As of Ice 3.6, Java applications can safely interrupt a thread that calls a blocking Ice API.
You must enable the
Ice.ThreadInterruptSafe property to use interrupts. Enabling interrupts causes Ice to disable message buffer caching, which may incur a slight performance penalty.
With interrupt support enabled, Ice guarantees that every call into the run time that could potentially block indefinitely is an interruption point. On entry, an interruption point raises the unchecked exception
Ice.OperationInterruptedException immediately if the current thread's interrupted flag is true. If the application interrupts the run time after the interruption point has begun its processing, the interruption point will either raise
Ice.OperationInterruptedException or return control to the application with the thread's interrupted flag set. Under no circumstances will Ice silently discard an interrupt.
For example, the following code shows how to interrupt a thread that's blocked while making a synchronous proxy invocation:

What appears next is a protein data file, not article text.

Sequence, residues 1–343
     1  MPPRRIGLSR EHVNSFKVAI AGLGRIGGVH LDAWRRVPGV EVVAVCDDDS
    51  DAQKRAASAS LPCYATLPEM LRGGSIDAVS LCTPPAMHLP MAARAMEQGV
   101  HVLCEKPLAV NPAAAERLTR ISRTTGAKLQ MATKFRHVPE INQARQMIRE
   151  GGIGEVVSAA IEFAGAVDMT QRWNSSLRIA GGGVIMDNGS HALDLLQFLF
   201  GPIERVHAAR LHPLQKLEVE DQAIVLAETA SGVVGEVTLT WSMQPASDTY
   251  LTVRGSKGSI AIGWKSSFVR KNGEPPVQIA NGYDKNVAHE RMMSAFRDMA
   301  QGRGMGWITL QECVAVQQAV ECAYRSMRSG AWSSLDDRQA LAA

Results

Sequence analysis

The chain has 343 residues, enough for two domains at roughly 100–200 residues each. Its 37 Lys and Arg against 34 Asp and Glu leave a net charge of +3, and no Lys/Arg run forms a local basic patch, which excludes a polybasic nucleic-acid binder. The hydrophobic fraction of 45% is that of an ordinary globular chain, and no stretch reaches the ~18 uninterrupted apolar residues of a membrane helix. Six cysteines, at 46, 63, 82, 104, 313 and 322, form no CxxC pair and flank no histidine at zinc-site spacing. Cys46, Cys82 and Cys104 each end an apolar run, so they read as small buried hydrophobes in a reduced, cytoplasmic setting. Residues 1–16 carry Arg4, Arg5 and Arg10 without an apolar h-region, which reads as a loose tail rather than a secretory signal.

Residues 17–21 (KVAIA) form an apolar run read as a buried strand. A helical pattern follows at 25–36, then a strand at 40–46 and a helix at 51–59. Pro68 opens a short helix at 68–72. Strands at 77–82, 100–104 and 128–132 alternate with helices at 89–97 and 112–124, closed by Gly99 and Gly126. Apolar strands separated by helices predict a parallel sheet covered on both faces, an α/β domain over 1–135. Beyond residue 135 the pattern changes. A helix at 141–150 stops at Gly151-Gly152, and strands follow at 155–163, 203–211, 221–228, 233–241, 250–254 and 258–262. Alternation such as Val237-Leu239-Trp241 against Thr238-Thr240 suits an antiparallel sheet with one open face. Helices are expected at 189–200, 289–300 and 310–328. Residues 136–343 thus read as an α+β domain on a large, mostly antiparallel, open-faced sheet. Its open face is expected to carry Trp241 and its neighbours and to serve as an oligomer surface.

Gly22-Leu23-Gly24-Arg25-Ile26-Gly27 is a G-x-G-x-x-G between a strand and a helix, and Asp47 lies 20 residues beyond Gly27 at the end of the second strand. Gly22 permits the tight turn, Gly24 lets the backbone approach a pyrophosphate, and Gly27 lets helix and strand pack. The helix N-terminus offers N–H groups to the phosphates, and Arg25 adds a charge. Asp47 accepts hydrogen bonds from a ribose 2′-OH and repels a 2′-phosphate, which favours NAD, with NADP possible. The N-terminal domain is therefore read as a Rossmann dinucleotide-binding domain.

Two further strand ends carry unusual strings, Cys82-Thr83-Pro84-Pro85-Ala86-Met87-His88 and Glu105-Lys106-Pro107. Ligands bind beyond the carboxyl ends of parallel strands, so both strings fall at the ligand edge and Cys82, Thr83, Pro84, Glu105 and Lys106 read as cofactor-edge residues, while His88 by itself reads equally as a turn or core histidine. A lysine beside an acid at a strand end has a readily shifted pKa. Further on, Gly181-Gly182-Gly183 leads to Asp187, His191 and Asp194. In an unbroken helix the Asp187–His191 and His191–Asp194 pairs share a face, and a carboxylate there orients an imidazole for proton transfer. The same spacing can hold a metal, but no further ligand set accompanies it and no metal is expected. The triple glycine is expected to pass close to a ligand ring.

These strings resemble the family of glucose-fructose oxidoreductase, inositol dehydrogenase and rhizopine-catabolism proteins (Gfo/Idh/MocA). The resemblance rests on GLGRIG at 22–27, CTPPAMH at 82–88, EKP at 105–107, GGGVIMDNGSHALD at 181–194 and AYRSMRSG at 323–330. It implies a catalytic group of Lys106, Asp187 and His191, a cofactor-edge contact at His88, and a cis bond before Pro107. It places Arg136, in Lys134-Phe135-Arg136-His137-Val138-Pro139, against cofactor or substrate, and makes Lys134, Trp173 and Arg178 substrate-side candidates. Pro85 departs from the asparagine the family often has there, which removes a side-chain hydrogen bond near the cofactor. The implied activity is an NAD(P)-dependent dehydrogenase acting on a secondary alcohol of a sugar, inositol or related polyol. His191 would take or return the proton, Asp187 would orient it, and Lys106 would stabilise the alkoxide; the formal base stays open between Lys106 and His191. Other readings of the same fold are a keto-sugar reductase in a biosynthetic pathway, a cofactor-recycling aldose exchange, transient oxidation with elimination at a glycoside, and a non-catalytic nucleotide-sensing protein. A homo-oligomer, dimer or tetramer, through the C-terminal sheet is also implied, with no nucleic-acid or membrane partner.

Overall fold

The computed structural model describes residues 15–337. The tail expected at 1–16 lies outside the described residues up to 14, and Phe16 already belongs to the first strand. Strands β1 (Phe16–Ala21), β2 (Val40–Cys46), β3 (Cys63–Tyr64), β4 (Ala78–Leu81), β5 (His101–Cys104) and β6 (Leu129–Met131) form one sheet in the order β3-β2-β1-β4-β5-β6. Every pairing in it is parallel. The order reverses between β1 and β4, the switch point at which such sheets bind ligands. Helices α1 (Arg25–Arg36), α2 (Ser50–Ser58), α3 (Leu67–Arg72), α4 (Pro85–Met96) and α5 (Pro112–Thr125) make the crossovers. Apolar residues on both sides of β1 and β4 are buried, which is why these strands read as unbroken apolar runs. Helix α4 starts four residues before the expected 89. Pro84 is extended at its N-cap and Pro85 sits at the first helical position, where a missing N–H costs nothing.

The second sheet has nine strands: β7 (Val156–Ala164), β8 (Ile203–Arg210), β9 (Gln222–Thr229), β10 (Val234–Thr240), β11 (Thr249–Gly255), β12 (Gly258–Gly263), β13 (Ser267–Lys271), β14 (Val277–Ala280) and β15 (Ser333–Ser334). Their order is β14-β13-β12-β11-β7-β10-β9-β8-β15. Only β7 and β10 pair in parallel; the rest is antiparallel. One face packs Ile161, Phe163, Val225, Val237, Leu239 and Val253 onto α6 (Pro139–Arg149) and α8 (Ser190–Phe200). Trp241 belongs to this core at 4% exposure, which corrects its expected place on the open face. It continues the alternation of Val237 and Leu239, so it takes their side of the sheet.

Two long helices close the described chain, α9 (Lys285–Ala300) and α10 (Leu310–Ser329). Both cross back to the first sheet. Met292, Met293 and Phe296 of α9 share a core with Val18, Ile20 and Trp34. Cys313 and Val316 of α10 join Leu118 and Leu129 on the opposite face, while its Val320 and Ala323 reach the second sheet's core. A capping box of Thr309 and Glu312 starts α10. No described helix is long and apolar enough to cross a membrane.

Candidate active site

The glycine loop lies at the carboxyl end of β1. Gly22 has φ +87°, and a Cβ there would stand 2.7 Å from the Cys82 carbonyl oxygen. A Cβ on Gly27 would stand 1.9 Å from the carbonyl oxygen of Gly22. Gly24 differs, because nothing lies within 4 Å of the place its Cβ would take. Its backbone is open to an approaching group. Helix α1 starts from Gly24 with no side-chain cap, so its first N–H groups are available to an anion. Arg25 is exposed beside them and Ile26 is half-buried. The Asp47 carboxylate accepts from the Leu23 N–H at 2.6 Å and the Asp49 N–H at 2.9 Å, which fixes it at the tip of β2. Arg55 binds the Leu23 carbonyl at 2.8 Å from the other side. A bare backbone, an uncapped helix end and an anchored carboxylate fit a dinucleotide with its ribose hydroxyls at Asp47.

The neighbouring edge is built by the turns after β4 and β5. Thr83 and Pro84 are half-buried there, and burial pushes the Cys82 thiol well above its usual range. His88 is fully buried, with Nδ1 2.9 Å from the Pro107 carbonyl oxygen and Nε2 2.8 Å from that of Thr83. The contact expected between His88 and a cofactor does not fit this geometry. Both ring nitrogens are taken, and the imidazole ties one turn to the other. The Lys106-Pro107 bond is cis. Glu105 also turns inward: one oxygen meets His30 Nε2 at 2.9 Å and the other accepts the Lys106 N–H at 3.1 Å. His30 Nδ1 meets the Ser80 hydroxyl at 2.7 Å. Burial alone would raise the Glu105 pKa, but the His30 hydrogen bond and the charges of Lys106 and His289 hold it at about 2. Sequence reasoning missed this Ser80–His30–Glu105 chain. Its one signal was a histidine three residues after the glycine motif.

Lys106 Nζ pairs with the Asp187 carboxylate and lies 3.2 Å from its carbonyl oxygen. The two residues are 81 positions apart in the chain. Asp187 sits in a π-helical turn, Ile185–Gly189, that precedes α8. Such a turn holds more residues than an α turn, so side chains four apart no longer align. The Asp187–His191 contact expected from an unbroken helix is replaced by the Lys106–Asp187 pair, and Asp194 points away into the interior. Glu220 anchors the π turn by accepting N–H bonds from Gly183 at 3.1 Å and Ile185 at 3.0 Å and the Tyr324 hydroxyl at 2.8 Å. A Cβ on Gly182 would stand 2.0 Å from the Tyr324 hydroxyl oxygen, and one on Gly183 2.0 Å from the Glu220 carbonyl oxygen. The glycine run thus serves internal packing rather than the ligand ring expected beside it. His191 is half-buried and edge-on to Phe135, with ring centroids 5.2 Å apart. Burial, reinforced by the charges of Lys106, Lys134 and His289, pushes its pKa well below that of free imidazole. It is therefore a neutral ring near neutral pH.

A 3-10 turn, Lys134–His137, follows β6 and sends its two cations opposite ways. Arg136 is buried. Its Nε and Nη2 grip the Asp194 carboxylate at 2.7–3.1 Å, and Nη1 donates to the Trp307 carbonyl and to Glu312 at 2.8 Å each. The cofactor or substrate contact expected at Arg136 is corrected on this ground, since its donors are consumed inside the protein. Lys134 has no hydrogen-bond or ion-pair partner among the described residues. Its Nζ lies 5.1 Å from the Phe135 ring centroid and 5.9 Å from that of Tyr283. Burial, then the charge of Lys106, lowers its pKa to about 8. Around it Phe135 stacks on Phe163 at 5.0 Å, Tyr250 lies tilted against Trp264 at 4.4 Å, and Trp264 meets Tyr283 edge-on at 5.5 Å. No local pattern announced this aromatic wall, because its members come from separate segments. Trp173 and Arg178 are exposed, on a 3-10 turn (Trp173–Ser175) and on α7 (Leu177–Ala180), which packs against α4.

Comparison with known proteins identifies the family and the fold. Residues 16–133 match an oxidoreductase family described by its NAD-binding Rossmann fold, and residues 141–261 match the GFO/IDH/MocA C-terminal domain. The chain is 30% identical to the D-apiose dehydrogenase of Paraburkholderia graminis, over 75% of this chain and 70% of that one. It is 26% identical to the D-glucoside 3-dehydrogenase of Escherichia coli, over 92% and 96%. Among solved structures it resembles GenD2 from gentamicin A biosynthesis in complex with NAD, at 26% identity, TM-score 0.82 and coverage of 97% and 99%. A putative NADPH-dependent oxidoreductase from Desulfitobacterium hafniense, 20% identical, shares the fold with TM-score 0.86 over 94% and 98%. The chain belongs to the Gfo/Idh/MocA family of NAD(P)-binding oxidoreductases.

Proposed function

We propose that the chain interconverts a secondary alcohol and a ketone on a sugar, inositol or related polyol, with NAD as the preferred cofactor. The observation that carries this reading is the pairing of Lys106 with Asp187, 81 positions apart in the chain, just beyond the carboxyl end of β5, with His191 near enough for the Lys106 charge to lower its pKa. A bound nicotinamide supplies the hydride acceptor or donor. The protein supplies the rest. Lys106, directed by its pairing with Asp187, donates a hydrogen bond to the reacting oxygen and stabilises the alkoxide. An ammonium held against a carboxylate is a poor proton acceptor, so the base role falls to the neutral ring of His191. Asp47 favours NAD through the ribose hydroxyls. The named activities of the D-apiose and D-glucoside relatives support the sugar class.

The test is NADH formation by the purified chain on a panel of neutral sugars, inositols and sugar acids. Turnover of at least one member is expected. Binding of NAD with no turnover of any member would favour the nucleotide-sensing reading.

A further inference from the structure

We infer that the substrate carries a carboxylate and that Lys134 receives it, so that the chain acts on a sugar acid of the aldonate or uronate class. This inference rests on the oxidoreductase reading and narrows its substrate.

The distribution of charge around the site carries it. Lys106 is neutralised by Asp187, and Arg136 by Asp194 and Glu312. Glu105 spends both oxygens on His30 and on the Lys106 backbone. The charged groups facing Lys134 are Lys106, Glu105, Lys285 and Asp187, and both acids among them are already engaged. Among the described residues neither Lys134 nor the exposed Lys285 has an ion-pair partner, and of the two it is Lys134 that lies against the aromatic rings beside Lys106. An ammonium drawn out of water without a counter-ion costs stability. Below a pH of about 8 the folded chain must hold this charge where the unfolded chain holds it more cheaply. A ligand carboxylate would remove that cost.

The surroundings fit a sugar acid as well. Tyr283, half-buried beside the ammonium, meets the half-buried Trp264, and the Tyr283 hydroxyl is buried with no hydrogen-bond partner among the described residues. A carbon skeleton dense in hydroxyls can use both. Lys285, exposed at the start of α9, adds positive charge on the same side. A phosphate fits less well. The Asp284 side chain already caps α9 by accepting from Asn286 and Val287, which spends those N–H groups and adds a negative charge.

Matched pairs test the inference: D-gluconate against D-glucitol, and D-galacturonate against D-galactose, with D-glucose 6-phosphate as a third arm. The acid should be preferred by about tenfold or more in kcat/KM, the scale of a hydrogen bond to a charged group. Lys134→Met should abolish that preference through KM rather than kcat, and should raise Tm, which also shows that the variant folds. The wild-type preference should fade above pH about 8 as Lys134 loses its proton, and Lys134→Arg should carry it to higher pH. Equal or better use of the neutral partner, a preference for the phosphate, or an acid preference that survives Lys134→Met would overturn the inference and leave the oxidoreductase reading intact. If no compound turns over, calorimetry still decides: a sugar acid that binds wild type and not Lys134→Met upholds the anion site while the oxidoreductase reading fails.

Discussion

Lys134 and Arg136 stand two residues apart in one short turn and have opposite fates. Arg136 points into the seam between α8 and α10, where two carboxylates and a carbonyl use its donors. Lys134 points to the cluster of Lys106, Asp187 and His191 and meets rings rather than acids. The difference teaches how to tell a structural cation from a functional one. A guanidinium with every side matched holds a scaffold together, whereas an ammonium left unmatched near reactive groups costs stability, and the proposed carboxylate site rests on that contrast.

Here is a similar example that uses the asynchronous proxy API instead:
Synchronous proxy invocations are interruption points. For an asynchronous proxy invocation, the
begin_ method never blocks and therefore it is not an interruption point, however the
end_ method is an interruption point.
Additionally, all of the methods listed in Blocking API Calls are also interruption points. In the specific case of
Communicator.destroy(), we recommend calling
destroy in a loop as shown below:
Interrupting a call to
destroy could leave the Ice run time in a partially-destroyed state; calling
destroy again as we've done here ensures Ice can finish reclaiming the communicator's resources.